Change is inevitable; nothing can stop the process. Even in the womb before we are born subtle changes take place until after nine months we emerge into the world in the form of a disproportionate mini-human with a large head. As we continue to grow our proportions subtly change so that by comparison with the rest of our body our head would appear to decrease in size. In fact our head grows larger, but our body grows proportionately larger.
Change is everywhere, but perhaps it is best typically represented by the changing seasons. Just now, the spring flowers and blossoms are cheering up the scene. They remind us of the life cycle. In their youth their colours are scintillatingly gorgeous, but as spring fades so does their beauty until they crinkle and putrefy into ugliness far removed from their former glory.
A change is a panacea for getting out of a rut or for beating ‘the blues’. We deliberately employ this remedy to stimulate the mind; that’s why we love taking a break from the workplace by way of a holiday in a location removed from the familiar. In the past my wife and I have had the privilege of visiting different countries to break the routine and open the mind.
The current ‘Credit Crunch’ and the global financial downturn are bringing about vast changes in people’s lives, particularly those in the poorer countries of the world, countries where there is no welfare state to cushion the effects of unemployment and loss of income. Some are profiting from the situation, like cobblers whose businesses are flourishing, and property speculators who are snapping up bargains as apartments and homes come under the hammer. The rich and the powerful seldom suffer to the same extent as the poor, while both polarities of the community experience unavoidable change in the form of situations beyond their control. The rich, providing they have spread their monetary income resources, will remain rich, while the poor can only expect to get poorer.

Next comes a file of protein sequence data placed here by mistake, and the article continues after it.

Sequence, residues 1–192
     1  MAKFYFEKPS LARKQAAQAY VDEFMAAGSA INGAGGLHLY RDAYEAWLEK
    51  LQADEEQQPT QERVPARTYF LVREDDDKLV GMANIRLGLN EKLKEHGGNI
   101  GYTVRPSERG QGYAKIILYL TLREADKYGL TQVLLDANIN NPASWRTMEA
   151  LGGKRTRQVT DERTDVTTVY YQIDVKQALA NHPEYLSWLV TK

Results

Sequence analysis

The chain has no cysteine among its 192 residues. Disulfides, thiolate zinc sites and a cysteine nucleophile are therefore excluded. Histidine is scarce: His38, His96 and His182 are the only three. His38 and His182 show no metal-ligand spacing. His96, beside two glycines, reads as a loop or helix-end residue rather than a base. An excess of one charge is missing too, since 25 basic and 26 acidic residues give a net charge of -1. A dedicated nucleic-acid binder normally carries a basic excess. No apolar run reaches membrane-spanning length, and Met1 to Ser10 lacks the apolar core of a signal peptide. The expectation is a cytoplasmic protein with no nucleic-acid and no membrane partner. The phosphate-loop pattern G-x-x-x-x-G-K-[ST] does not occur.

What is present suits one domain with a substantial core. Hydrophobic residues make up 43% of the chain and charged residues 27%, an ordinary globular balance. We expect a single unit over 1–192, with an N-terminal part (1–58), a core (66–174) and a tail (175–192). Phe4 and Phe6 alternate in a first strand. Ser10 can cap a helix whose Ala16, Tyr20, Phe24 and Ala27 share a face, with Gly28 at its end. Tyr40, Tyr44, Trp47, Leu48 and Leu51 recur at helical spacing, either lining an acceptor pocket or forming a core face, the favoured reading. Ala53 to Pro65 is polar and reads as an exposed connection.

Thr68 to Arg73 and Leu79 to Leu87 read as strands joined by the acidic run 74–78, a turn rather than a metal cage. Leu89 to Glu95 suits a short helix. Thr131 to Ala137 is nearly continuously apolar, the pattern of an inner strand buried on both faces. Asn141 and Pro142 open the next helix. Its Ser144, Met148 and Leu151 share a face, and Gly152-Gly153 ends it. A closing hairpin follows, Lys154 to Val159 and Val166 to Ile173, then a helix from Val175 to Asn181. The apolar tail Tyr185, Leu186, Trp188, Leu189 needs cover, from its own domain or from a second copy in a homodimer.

When I look back over my life I realize how fortunate I have been to have owned many different small sailing boats. Boat ownership continues, despite the economy, and indeed, owning a boat could be seen as an investment for the future as the fiscal situation improves, for surely it will, because history shows that the pendulum of change swings first one way then the other.
My latest acquisition is a 1977 Seawych 19 sloop with considerable more accommodation than ‘Faith’, my 14’ Paradox. Because ‘Ladybird’ has been well looked after by several owners she is in remarkably good condition and I am looking forward to changes she will bring to my sailing experience, particularly being able to share her with others for their enjoyment as well as mine.